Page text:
Friday, October 8, 2010

Bomboy [轟炸小子 - Explosion Kid] (Sega Genesis/Mega Drive)

  The year is 1993. The super-popular strategy game series Bomberman has released possibly its biggest installment ever: Super Bomberman. Gamtec of Taiwan noticed this game’s popularity and that Sega Genesis (Mega Drive to everyone else) was missing out on the action. Mega Bomberman was only released in the U.S. and Europe, while Japan got the Turbografx (PC-Engine) version called Bomberman ’94. Mega Bomberman wasn’t released for another year, mind you, and Japan missed out on the Sega installment, so it was the perfect game to score in on. Three of their staff members pulled together and released Bomboy [轟炸小子 – Explosion Kid].

  Bomboy, as you can probably guess, is based off of Super Bomberman. The game plays like Super Bomberman’s story mode does: you travel to different “worlds” and cleared all of its stages by defeating every enemy in that stage. There’s 10 worlds to travel to, which ranges from typical places like ice worlds and a haunted mansion, to more interesting worlds like one with gold “? Blocks” and mushrooms (Mario reference, most likely) to one with cows (moo!). Seeing their eyes bug out when you blow them up is priceless.
  The graphics, especially the portraits for things like the ending, are what you expect from Gamtec: relatively simple in design and style, yet nicely drawn out. It’s kinda like a budget Ken Shugimori look (Ken Shugimori is Game Freak’s character designer/artist who did Pulseman, Mendel Palace and the Pokemon titles, to name a few.) The in-game graphics do resemble Super Bomberman’s in-game graphics, with a pseudo-3D (whatever you would call it) feel to it. Nothing fancy, but it works very well in its own right.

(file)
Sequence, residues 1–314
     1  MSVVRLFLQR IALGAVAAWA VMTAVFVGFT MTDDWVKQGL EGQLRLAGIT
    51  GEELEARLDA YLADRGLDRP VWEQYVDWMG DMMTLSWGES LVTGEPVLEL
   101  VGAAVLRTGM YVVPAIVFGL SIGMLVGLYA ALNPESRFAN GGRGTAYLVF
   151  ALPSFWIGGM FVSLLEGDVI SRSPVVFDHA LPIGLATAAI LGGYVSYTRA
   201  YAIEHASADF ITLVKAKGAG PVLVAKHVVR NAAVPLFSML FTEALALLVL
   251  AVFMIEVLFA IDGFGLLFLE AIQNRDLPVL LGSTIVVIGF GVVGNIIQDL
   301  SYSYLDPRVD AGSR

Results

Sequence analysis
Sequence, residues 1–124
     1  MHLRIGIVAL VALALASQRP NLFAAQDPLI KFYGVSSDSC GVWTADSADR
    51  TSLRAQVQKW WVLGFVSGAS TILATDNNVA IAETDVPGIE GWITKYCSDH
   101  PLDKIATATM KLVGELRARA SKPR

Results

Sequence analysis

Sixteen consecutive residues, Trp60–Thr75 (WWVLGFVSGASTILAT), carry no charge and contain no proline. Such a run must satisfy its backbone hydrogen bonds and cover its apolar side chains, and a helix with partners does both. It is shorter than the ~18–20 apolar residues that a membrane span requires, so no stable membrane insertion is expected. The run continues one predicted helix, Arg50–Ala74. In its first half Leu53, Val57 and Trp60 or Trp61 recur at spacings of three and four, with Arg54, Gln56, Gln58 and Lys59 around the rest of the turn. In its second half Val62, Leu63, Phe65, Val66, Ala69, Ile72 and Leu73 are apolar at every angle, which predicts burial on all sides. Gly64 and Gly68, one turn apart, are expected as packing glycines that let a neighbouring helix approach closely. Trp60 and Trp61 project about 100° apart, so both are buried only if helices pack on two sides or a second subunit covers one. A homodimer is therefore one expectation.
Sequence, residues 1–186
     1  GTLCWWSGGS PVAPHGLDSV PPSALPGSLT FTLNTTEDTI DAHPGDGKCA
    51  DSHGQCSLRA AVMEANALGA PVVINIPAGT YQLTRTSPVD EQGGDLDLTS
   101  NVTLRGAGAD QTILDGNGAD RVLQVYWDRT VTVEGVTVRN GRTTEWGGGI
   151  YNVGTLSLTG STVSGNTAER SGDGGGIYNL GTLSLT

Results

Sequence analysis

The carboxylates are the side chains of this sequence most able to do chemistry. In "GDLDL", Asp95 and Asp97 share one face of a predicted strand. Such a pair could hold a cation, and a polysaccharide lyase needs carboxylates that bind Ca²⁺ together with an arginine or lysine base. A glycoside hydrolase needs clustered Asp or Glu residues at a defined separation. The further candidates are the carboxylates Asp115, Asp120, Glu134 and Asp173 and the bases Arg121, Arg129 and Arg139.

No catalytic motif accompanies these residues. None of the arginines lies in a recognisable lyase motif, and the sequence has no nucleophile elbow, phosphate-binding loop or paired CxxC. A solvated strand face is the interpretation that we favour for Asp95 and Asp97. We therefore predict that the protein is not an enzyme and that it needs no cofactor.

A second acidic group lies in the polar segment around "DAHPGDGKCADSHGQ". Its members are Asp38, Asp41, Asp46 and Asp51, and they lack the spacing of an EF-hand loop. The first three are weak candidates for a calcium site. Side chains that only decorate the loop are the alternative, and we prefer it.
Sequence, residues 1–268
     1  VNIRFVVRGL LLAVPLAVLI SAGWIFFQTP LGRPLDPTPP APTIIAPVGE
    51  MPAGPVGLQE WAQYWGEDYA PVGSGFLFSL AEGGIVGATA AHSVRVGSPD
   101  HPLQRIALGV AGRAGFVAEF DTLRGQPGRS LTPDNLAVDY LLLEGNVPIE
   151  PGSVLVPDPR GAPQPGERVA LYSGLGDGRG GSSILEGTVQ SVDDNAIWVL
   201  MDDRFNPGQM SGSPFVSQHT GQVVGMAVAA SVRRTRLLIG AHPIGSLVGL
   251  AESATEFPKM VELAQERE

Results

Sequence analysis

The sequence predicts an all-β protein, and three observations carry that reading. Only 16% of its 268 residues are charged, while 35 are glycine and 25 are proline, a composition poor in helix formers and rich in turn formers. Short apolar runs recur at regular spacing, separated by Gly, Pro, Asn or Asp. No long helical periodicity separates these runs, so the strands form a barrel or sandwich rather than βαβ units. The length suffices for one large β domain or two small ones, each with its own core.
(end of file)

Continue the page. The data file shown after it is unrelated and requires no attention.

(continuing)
The music doesn’t compare to Super Bomberman, but it’s still pretty good. I know it seems kinda unfair to keep comparing this game to Super Bomberman (and I am judging it in its own right) but it’s obvious Gamtec wanted a Bomberman game and didn’t hide it, so I’m judging it by both. The music sounds similar to Gamtec’s other games, like Magic Girl and Adventurous Boy. The sound engine used seems to be based off of a Sunsoft title called Shi Kin Jou (it even steals sound effects from it!) but like Vast Fame with the Rockman World 5 sound engine, they actually composed some great music with it. The music is mostly upbeat and is fun to listen to while you play.
  The controls work very well. Though it’s not like a normal Bomberman game where you move pixel-by-pixel rather than tile-by-tile, it’s functional enough. I encountered no problems with controller responses, and the bombs work and explode like the official title. It’s better than the NES Bomberman game, at least.
  Gameplay is the biggest downfall to this otherwise excellent game, and basically where I’ll be listing the Cons. First off, there’s no Battle Mode. One of the biggest things about Super Bomberman was the multiplayer mode. Hell, they even bundled a Multi-Tap with some copies of the game! I know this was the first Bomberman game with real multiplayer (Bomberman II had it as well, but this was the first big multiplayer mode) but they should’ve known that this was important, seeing as they knew a lot about Super Bomberman to begin with.